This talk of the cold weather gives me the opportunity to tell one of my favourite people to people stories about China. This incident happened during my first Beijing winter. Like a stubborn foreigner, I laughed away the efforts of my students to persuade me to wear two layers of clothing or a hat to cover my ears.

Then one particularly biting day I was in the centre of Beijing with a Chinese friend. We boarded a bus and got separated. I ended up sitting next to a ‘laobeijingren’ – an old Beijing man. Almost as soon as we sat down he reached over his hand and placed it on my leg. Can you imagine this happening in England! Even without gender anxieties, we all value our ‘personal space’ far too much to accept contact like this from a stranger. Of course I didn’t want to offend him and his face was too wrinkled with smiles to mean me any harm.

I called over to my Chinese friend for reassurance. She is also ‘beijingren’ and she slipped comfortably into conversation with him in dialect. She smiled. ‘Don’t worry, it’s his way of telling you your trousers are too thin. You need something thicker for the Beijing winter. He wants you to be comfortable here.’ He gave my knee one last friendly tap and with a broad grin said ‘welcome to Beijing’, a phrase made popular by the 2008 Olympics.

I wonder if those responsible for the hysterical headlines about every little cough that comes out of China could manage the simple, sublime humanity of this compassionate man, a 君子, a junzi, in the Confucian tradition of a gentleman. His wisdom outthought any amount of ideology. What was I to him? Not an enemy, not a capitalist, not even a foreigner. I was a fellow shivering human animal with whom he could feel both empathy and sympathy.

Wherever you are now my friend, I hope the Beijing winter is kind to you. It would be an honour to meet you again now I can at least thank you for your kindness in my stumbling Chinese. Your kindness and the memory of your welcome has been better protection against the icy winters than any layers of extra clothing. Your kindness played a part in persuading me to dedicate ten years of my life to education in a country that could produce such human warmth in the face of the gathering chill of fear-mongering headlines.

Shichahai Lake in the centre of Beijing becomes a winter skate rink.

Beijing – A Simple Life

The author outside his Beijing suburb home

In this blog I will talk about the sheer, simple ordinariness of my life in China. If you haven’t been to China you might have all sorts of ideas about what it is like to live here, as I have done for ten years. Maybe you have some slightly negative views of a limited or restricted life here. Maybe you have romantic or exotic illusions of life in an ‘oriental’ country. The outstanding feature of my life for the last ten years has been its wonderful stability and everyday ordinariness. In the UK I live in a perfectly normal corner of Bournemouth. In China I live in a northern suburb of Beijing called Changping. Honestly, if it wasn’t for the approximate 5000 miles in between, I could walk down Bellevue Road in Southbourne and turn the corner into Beishahe Road in Changping, without batting an eyelid.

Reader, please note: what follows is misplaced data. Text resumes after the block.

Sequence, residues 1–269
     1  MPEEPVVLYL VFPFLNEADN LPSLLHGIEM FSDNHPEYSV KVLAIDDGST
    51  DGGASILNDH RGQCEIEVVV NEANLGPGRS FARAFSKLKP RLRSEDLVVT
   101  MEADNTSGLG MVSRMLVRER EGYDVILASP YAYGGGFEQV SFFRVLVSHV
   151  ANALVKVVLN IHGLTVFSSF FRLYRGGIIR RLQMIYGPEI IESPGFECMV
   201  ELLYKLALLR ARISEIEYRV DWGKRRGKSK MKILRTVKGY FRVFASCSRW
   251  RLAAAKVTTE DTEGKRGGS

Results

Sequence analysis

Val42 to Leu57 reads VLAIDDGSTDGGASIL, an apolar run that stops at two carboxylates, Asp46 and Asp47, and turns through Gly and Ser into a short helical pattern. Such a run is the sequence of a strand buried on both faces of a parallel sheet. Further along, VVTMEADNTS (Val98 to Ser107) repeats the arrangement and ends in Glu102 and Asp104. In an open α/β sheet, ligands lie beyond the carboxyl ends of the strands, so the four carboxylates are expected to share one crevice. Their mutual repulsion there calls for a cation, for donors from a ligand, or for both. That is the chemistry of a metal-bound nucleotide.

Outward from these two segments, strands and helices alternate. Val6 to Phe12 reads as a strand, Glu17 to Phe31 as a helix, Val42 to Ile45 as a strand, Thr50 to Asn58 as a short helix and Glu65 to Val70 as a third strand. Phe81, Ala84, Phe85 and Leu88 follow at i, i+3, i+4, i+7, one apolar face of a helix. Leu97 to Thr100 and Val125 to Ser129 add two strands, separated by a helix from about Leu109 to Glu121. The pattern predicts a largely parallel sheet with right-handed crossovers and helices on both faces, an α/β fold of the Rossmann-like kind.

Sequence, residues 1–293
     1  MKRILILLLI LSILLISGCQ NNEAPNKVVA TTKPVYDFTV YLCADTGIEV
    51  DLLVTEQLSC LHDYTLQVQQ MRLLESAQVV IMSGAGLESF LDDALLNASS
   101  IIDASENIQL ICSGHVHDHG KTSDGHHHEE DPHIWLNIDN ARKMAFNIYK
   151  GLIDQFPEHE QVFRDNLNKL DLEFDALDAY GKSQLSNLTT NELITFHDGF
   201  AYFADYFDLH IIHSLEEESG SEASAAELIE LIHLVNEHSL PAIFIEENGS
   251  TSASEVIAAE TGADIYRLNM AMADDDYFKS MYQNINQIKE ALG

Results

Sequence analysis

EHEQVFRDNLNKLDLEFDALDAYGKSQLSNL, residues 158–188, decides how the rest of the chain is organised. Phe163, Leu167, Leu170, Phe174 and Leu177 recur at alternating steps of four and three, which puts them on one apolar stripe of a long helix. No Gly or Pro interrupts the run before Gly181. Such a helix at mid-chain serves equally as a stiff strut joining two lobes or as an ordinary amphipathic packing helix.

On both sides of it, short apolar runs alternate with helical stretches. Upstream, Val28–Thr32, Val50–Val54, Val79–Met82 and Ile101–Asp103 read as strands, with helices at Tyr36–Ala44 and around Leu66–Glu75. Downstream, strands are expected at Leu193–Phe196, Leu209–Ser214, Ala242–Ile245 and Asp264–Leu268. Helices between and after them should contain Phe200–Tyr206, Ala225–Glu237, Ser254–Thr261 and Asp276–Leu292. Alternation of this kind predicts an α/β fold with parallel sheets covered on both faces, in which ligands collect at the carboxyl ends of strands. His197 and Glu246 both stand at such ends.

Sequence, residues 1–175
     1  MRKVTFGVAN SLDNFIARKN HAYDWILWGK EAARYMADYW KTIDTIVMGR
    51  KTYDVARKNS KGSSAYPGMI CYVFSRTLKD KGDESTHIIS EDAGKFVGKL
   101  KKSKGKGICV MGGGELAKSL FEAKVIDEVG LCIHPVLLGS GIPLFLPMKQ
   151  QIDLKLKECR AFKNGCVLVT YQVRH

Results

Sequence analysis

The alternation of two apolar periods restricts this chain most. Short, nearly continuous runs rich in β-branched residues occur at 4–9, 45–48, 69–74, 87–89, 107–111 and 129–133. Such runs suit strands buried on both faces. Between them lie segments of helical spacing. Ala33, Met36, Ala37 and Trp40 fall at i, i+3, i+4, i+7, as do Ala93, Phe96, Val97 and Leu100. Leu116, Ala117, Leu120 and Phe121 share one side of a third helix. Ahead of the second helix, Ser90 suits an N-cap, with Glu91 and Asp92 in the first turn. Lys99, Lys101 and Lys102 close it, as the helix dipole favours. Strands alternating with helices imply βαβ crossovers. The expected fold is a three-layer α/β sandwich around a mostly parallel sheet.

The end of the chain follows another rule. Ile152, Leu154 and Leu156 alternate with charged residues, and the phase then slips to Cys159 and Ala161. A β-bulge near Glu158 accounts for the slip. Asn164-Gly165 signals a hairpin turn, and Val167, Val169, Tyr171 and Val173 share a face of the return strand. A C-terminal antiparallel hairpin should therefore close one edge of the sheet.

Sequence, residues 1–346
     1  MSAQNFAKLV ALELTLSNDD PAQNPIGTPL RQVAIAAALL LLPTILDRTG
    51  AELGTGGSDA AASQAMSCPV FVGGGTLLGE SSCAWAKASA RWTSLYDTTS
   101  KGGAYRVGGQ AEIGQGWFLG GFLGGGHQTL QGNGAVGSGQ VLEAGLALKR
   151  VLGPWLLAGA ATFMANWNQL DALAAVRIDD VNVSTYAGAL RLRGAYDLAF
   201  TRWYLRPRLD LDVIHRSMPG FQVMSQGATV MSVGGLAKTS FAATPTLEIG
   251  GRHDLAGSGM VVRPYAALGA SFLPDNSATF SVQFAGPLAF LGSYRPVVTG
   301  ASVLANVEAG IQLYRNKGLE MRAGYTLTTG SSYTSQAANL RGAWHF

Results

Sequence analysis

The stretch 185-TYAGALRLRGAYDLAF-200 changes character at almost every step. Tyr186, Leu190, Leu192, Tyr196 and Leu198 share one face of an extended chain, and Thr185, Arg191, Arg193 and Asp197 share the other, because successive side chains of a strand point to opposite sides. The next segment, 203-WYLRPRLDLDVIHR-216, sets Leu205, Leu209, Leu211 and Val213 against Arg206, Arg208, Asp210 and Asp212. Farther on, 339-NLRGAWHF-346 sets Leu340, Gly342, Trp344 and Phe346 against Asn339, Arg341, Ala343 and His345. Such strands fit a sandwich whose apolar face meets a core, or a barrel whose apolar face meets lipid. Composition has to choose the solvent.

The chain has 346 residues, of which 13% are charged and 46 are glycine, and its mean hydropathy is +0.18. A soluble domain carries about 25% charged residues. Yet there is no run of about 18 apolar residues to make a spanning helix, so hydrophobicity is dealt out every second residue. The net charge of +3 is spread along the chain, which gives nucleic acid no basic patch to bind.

We can stroll freely around the local area, just exactly as if we were in Britain. Join me.

I live in a simple apartment in a cluster of six medium rise blocks in landscaped gardens. I’m the only foreigner here, but no-one treats me any differently. Let’s be clear that there are many reasons why the Chinese should be suspicious of or even hostile towards me. In the past, particularly during the nineteenth ‘century of humiliation’, the British behaved appallingly towards China. With my students I once visited the Old Summer Palace (Yuanmingyuan) in Beijing which in 1860 and then again in 1900 was pillaged and burned down by French and British armies. My students shook their heads and reflected sadly on the events, but there was no anger towards me and no anger from the curious Chinese gathering around to listen to our conversations.

In my employment here I could be seen as an economic migrant, you could even accuse me of taking a headmaster’s job that should by rights be for a Chinese. You could further accuse me of representing colonial and elitist foreign education in China. You could say all these things and more, but the Chinese never have. They smile at me shyly and prompt their children to try out whatever English they can with me and respond warmly when I manage a few phrases of broken Chinese.

I live opposite two perfectly ordinary Chinese schools, one middle and one primary. The children have a uniform of a simple blue tracksuit and a yellow cap. As I leave to go to school in the morning, children are streaming to school with parents or grandparents, some excited and happy, others as Shakespeare wrote ‘toward school with heavy looks’.

I meet families with students sometimes in the lift on my way home and when I ask about ‘作业’ ‘zuoye’ or ‘homework’ I get the same resentful looks I got working in London schools for 20 years. So much for the stereotype of the Chinese nerd. In the evenings streams of bikes race excitedly around the landscaped gardens and from the basketball courts come the same cries of victory and defeat that would decorate the evening twilight in Britain.